Is there a reason "If I am a cat, you are a dog" isn't a valid reason? It makes sense to me.
Using "I am" and "you are" implies that the subjects ("I" and "you") actually ARE a cat and a dog, whereas using "I were" and "you would be" implies conditionality (that is, "IF i were a cat, THEN you'd be a dog (but we may not actually be a cat and dog)"). Grammatically, this has to do with what's called the "subjunctive mood". The difference is subtle, though. I think using "I am" and "you are" gets the point across, and should be accepted as well.
Does the Indonesian sentence actually preserve this subtlety of mood as it occurs in English, however? If it does not, then LewisLearnsLangs's sentence should be a valid translation.
They are mostly interchangeable. However, as per KBBI, "jika" is more strongly associated to marking the conditions of promises, "If this happens/if this is the case, I will do this." "Kalua" is used for more general purposes.
I'm pretty sure they're interchangeable but jika is more formal and I think they are used differently between dialects.
I've heard that calling someone an anjing is a fairly serious insult, possibly even a swear word. I'm not sure if this is true or not, but I'll play it safe and use the word anjing only for animals.
My Indonesian friend says it's equivalent as calling someone b word, since it means a female dog, it has a similar meaning in Indonesian
Calling someone a dog in most languages and cultures (Western, Eastern, and everything in between) is considered an insult due to a dog's ability to take commands from humans and their incredible sense of smell, which can both be used for "evil" purposes. Tracking people with dogs was considered an early form of privacy invasion by some, especially Muslims since they were used to track the Prophet Muhammad and he forbid Muslims from taking advantage of a dog's sense of smell for "evil" purposes. It's a common misconception for Muslims to think of dogs as "evil" or "vile" creatures, but they were actually spoken highly of in the Quran in the story of the Seven Sleepers, a well as a hadith speaking of a woman helping a dog, and it was only abusing their "powers" the Prophet Muhammad had a problem with. Since Indonesia is the world's largest Muslim-majority country, it makes sense for them to have strong views towards dogs in those respects. It would seem being man's best friend comes with a bad rap.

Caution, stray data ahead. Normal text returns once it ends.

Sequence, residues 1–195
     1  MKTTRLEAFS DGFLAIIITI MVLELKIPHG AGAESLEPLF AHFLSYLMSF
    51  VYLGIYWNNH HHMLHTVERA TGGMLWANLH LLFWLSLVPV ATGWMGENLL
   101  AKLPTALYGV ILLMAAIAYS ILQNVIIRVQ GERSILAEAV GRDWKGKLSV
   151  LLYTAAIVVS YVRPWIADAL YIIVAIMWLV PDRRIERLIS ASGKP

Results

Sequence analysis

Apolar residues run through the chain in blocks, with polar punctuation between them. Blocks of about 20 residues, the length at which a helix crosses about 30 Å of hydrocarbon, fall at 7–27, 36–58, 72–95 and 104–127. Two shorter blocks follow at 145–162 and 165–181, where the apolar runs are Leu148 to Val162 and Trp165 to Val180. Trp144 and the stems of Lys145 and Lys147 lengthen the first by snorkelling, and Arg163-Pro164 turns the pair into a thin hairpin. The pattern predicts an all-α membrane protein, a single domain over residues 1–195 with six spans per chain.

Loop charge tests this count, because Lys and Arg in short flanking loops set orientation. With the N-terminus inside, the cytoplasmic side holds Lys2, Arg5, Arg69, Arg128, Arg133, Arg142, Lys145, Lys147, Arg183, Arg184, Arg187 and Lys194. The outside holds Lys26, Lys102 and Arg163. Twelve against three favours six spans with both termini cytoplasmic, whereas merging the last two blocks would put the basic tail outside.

give me some indonesian friends too ı didint found even 1 person who knows english :(
I've heard that calling other people animal names in general in Indonesia is strictly verboten, not just dog, but better to avoid it all together.
Any input on this?
"If I were a cat" is incorrect! Most people make this mistake, thinking it should "if I were" all the time, because they hear "If I were you"... but in the sentence "If I were you", "were" is matching "you"... in this sentence it should be "If I was a cat" or "If I was them" etc...